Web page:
"We must achieve the character and acquire the skills to live much poorer than we do. We must waste less. We must do more for ourselves and for each other. It is either that or continue merely to think and talk about changes that we are inviting catastrophe to make. The great obstacle is simply this: the conviction that we cannot change because we are dependant on what is wrong. But that is the addict's excuse, and we know that it will not do."
—Wendell Berry

Wednesday, 9 May 2012

Pig to pork

The time has come for the first of the pigs to "come inside" as the euphemism goes. That is to say, be promoted from pig to pork.
Using the unfinished chook shed, the weather was a bit too mucky to be outside.
Table for scraping in the foreground. Wood pile for the boiler on the left.
Boiler, a half 44 gallon drum over the fire, in the background.
Gambrel for hoisting the carcasse on the right.

So a few days ago I got together with a couple of good friends to do the deed. Now normally I am happy enough to do slaughter by myself but with a pig I find I need extra hands. You see a pig needs to be scalded and scraped if it is to be really properly slaughtered. This involves heating up a big tub of water and dunking the carcasse which is not as easy as it sounds. Especially when the pig weighs in at over one hundred kilos. Funny how the mind can play tricks, they look much smaller running around the paddock than they do when you have to lift it into the wheelbarrow. It took three large men to lift it.
Too big for the bath, Hmmm should've thought of that earlier.
We tied the legs together to make lifting easier and lowered it into the water. Then after the prescribed time we raised the carcasse onto the table to be scraped down. Scraping removes all of the bristles as well as the outer layer of skin. No matter what colour your piggie started out as he will become pink all over after being scraped.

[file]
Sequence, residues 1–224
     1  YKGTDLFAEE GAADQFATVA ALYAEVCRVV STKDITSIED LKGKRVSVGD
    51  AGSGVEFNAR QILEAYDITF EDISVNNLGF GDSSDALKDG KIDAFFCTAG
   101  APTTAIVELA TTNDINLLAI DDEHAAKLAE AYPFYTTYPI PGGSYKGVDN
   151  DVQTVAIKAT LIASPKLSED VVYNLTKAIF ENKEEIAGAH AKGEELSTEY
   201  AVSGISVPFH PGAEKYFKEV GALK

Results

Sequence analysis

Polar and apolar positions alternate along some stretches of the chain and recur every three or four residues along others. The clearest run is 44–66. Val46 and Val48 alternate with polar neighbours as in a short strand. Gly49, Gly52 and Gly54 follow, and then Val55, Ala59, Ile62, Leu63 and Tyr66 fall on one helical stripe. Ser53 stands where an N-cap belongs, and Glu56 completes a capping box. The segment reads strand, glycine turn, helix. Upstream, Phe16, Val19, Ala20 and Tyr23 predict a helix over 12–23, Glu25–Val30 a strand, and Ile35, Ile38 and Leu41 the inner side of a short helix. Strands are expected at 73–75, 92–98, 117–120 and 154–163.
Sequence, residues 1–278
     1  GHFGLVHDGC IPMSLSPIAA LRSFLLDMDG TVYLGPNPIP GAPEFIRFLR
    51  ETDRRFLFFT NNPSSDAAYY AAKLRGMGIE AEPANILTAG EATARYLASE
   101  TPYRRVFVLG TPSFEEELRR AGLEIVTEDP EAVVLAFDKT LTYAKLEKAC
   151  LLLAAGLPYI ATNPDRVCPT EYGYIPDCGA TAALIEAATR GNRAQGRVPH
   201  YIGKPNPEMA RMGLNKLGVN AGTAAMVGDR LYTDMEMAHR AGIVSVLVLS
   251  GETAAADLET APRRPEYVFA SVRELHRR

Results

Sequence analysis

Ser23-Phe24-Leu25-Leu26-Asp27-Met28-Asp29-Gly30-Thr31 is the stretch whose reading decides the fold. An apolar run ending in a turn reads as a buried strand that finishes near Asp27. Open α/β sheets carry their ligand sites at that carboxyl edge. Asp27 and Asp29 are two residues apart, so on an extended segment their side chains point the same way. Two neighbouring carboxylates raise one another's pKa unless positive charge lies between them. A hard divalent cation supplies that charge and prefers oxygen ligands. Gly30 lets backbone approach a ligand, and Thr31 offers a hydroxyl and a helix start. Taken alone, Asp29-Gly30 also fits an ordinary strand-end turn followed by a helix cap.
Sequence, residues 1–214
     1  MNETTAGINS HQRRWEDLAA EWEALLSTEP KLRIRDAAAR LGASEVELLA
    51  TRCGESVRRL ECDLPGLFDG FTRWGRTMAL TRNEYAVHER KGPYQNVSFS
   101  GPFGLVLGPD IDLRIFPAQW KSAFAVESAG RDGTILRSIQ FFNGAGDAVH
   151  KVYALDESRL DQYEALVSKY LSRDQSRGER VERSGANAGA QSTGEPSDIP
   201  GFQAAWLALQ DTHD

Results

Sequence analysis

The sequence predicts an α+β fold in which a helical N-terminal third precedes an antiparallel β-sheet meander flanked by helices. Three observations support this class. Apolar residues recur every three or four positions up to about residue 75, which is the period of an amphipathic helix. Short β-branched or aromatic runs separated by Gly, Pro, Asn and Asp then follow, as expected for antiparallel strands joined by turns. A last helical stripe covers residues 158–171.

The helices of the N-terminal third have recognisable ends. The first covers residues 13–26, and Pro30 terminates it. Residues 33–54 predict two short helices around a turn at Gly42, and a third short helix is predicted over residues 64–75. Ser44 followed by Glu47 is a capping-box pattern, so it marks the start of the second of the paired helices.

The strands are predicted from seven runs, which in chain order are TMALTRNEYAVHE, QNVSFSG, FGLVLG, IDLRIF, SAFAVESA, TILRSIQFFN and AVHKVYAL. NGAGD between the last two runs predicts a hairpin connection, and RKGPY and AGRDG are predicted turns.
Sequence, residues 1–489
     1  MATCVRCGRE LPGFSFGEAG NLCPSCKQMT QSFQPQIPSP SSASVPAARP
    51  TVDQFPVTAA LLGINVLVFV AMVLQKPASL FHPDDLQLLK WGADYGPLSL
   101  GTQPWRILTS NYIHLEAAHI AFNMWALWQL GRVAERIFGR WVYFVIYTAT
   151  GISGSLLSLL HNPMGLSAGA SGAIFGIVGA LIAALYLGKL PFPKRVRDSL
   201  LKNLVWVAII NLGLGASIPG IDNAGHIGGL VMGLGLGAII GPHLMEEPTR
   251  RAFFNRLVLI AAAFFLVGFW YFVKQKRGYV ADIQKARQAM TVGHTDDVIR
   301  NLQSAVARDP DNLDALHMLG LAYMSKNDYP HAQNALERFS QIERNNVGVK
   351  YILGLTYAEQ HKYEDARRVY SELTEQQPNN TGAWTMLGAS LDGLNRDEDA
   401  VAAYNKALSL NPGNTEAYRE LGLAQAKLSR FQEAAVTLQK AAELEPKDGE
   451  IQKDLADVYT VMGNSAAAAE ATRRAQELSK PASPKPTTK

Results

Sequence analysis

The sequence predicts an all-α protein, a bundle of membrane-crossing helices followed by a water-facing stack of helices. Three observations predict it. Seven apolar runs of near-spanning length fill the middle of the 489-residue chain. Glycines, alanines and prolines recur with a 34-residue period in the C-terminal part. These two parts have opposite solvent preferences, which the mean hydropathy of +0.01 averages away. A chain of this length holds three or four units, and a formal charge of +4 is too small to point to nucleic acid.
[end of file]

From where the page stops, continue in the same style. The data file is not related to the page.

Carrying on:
Scraping using tin pot lids. Not very high tech but it works.

As it turns out the scraping did not go as well as I had hoped. I had made the water hotter than it should have been and so we lost some of the skin altogether. Bummer. Made no difference to the meat but looks bad. Then we hung the carcasse on the gambrel to take out the plumbing (guts) and cut it down the centre. A chainsaw works well for this although the real experts can do it neatly with a cleaver. I am not an expert. From the offal we keep the liver for liverwurst and the kidneys for breakfast. I also use the opportunity to check for parasites and to ensure the animal is healthy. In this case the kidneys were clean as a whistle. If you are really enthusiastic you can clean the intestines to use as sausage casings. I buy mine from the butcher (the only thing I buy from the butcher) ready cleaned and salted.
We then put the two sides into the cold room at a friends place (ours is not complete yet) for a few days rest.
Yesterday I picked up the sides and broke them down into cuts, roasts and mince. This morning we had some really excellent pork chops for breakfast. The meat is firm but tender and richly flavoured as good pork should be. It is completely unlike the white, soggy and somewhat tasteless meat of the chemically fattened victims available in the supermarket!
I was at the feed store this morning and I happened to notice a phamplet advertising different pig feed products. It claimed that with their feeds (full of growth additives and hormones) you could raise a pig to one hundred kilos in just twenty-two weeks. I laughed out loud. My pigs are over one hundred kilos in the same time on a diet of millrun, corn and free range pasture. We add some potatoes, skim milk from the cow and vegetable scraps from the garden and that is it! Not a single trace of growth additive or hormone ever, yet we produce better pork. 


  1. I always get muchy after reading this blog!

  2. Um - I mean munchy :)